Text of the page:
About a week ago, I received, on my WhatsApp, a story about a certain doctor who deals with his patients as though they do not matter. This doctor known as Dr. Musau is said to have completely disregarded a patient in critical condition with absolutely no care that the patient could lose her life or that her family was already depleting the little resources that they had. There was no communication from the doctor when the appointed time passed and after asking around, this family learnt that, because of his senior position, there is absolutely nothing that could happen to Dr. Musau even if they reported him to the board of medical practitioners.
You have probably experienced such cases with doctors – some of them feeling too big, others acting with negligence and costing people their lives and sometimes just having a hell of a foul attitude when dealing with patients. I am generally a very healthy person and the only time I had to go to a hospital in my adulthood was when I had chickenpox. I was 21 and all the strange things on my face were confusing. But everyone I met, including a medic in the family told me that what I had were signs of chickenpox.
I went to hospital and since I had never been to hospital before (as an adult where I had to speak for myself), I didn’t know how else to state my case except;
‘… I think I have chickenpox…’
Now imagine my shock when the doctor reacted with anger and warned me very sternly about thinking that I was more intelligent than him – the trained medical personnel. At that point, I was too worried about the possibility of a needle to even care about what that man was saying.
A semester after this incident, I went into a medical sociology class taught by a distinguished academic who lives in both worlds – the social sciences world and the life sciences world. We tackled a topic called, “the problem with the medical profession” and after the initial shock that the profession of professions also happens to have problems, all the things I had read and heard previously about hospitals and doctors – misdiagnoses, delayed diagnoses, childbirth injuries, medication errors, over medication, surgery errors and anesthesia errors which all occur because of negligence and oftentimes cost people their lives started to make sense.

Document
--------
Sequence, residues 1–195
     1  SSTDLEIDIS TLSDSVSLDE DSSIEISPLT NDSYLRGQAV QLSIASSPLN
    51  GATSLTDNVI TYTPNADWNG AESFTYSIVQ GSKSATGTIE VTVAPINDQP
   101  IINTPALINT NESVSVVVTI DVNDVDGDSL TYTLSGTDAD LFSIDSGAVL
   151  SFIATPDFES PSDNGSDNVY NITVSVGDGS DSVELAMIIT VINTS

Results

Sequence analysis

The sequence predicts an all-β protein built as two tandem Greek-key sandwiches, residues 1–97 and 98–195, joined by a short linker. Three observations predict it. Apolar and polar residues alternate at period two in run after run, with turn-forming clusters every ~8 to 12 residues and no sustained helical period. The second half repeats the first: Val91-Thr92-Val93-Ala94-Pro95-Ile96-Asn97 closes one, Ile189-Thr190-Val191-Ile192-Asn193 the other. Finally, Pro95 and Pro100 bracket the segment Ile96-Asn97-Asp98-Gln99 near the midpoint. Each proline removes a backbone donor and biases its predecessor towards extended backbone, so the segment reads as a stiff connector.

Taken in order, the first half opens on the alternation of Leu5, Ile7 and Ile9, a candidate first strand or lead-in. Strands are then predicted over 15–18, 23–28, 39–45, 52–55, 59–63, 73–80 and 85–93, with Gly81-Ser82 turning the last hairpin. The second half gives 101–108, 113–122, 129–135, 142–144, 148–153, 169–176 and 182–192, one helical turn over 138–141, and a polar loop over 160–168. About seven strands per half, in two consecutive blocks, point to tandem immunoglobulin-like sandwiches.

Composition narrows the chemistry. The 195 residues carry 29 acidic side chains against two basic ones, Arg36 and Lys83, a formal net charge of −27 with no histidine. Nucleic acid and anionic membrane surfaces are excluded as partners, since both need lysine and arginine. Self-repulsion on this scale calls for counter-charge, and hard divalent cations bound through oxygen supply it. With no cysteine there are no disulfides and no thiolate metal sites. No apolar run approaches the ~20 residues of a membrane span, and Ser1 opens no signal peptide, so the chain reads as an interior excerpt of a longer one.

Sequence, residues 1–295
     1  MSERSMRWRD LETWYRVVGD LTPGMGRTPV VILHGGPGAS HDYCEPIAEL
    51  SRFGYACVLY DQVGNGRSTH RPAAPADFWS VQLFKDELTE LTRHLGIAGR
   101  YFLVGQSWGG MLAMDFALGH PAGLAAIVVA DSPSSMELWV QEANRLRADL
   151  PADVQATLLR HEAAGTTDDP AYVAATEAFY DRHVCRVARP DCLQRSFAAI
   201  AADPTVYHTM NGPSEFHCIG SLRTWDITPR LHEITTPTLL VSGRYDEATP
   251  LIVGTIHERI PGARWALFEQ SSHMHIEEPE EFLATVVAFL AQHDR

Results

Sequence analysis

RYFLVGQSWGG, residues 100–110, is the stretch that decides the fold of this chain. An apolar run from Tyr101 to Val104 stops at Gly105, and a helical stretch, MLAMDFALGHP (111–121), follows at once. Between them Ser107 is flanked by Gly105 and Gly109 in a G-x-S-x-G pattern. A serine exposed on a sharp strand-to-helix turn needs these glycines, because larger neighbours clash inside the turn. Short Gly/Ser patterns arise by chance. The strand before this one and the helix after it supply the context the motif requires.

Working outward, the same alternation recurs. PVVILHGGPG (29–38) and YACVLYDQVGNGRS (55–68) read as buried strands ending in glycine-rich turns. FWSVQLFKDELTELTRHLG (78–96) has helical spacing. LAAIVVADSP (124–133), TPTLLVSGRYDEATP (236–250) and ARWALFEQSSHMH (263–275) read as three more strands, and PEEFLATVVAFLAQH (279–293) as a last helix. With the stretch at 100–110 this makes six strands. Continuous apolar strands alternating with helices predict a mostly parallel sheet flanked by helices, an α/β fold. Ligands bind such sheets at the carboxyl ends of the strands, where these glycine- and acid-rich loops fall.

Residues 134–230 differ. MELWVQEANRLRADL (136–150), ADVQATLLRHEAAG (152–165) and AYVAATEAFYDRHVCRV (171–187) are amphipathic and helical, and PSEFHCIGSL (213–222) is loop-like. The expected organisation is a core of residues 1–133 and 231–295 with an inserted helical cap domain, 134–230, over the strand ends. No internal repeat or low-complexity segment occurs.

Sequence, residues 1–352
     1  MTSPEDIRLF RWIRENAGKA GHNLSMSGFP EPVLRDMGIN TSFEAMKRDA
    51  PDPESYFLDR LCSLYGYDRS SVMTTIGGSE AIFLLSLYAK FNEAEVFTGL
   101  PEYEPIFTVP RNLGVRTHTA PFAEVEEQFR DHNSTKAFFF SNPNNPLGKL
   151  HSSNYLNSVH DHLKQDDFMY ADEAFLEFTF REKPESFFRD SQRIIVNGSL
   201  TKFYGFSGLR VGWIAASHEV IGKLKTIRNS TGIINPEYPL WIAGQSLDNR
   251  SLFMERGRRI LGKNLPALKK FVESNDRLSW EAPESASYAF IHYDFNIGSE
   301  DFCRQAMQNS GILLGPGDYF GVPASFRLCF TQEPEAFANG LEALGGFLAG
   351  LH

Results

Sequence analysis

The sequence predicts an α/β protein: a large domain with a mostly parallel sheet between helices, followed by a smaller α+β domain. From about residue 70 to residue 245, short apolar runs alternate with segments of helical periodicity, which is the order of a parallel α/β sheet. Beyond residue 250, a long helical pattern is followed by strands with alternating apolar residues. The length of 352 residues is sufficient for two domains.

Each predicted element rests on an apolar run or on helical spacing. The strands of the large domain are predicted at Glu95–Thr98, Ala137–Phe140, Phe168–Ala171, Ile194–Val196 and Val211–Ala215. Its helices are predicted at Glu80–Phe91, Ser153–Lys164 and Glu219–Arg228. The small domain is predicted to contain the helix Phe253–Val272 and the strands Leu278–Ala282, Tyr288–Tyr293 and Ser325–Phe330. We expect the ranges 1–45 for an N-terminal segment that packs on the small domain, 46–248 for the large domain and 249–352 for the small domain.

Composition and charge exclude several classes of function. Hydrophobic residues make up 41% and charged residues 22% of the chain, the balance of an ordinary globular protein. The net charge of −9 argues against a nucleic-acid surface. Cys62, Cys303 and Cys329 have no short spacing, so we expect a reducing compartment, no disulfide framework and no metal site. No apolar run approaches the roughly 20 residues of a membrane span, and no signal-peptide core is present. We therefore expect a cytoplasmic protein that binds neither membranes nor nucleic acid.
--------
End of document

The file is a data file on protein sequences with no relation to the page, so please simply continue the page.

It took me a whole semester of classes, presentations, research, group-work and assignments to grasp this whole story so it might be difficult if I try to put everything in a 600 word article but in a nutshell, the medical professionals are somehow geared to look at other people as mere mortals in a bad way. You walk into the doctor’s office and that automatically shifts the worth of your life into their hands. Now, for those doctors who lack ‘proper home training’, their egos automatically start to run high and you see them talking down to you. If you asked me, this ego story starts the moment K.C.S.E results come out and ‘the cream of the performers’ battle out to get spaces in the limited medical schools.Once they get there, they might then start to feel as if the world owes them ego food.
If a doctor fails to provide proper medical care in a way that a responsible medical professional would, it is known as medical malpractice. Medical malpractice is what Dr. Musau and many other doctors who ignore the tenets of the noble profession that is medicine while attending to their patients do.